Northern Shovelers — Group Feeding

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Today I’m posting about some unique and strange appearing avian behavior.  Northern Shovelers are a species of dabbling (surface feeding) duck that visits the Tucson area each fall and winter.  These medium-size ducks are remarkable for their relatively huge, shovel-shaped beaks.  Hence their name.

These are highly social birds and they usually hang out in flocks.  In other words, you’re likely to see a dozen or more Shovelers together.

Occasionally, these ducks will feed as a group and their feeding behavior when they do it is highly unusual.  The Shovelers pack themselves into a tight mass, sometimes ten or more birds.  They then swim in a circle, seemingly always in a counter-clockwise direction, as they dip their heads and beaks in the water to feed.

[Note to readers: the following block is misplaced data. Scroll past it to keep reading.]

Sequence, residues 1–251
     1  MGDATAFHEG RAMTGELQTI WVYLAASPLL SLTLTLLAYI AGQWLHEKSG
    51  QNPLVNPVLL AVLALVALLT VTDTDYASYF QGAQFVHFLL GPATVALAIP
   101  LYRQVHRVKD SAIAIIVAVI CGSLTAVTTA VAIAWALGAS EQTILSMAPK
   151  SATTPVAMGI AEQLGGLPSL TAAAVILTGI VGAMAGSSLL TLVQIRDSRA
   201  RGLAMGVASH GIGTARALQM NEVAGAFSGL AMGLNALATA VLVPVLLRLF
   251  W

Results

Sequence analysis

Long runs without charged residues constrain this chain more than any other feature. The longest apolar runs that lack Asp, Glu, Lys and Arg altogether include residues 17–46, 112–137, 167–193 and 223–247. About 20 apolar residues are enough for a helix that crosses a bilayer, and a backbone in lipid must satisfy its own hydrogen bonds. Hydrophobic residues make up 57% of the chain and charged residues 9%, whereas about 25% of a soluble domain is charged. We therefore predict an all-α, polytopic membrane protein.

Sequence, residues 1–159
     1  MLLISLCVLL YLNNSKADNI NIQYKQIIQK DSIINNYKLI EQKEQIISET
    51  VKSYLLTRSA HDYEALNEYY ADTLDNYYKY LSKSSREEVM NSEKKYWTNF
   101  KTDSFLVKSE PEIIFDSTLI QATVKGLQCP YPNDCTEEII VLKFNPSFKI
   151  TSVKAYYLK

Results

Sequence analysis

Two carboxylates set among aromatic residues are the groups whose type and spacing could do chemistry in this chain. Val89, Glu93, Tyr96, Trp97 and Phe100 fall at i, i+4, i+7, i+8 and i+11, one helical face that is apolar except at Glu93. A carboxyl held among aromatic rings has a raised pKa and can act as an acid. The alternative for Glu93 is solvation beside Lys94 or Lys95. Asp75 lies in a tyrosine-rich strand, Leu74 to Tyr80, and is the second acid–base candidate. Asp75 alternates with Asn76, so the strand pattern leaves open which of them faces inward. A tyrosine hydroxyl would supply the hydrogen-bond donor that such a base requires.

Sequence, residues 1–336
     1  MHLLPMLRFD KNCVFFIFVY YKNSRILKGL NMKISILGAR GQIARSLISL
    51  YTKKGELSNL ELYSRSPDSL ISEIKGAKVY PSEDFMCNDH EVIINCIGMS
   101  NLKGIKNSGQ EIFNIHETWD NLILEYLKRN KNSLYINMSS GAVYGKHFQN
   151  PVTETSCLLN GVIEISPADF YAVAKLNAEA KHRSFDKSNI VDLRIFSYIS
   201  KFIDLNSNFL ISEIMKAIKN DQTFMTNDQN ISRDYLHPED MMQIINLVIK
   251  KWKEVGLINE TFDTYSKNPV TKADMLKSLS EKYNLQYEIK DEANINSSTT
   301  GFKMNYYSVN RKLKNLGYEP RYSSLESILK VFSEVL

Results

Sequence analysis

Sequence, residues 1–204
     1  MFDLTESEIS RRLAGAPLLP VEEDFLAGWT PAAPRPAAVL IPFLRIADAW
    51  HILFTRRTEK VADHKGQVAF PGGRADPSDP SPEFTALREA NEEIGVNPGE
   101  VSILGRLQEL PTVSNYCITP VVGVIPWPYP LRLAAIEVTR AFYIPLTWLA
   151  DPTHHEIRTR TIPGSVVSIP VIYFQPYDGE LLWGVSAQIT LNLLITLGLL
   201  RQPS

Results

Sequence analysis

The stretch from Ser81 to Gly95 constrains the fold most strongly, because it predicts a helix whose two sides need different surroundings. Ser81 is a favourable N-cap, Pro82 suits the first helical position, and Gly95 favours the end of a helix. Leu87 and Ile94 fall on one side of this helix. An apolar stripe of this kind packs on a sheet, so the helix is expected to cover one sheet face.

It is a remarkable sight.  As they feed and swim, the ducks’ group becomes more and more circular in shape, sort of like a wheel.  The ducks who make up the wheel’s rim have to swim considerably faster than those at the center of the wheel and the entire wheel of ducks rotates quite rapidly.

Why are they doing this?  I don’t know for sure but I can hazard a guess.  Northern Shovelers feed on small organisms in the water.  Perhaps the ducks’ spinning movement stirs up a vortex, sucking organisms to the surface that the ducks can grab.  I doubt if anyone’s ever tested that hypothesis, however.

Image made with a Canon 5Div, 100-400 ISII zoom lens, aperture priority setting, ISO 800, f5.6 @ 1/2500.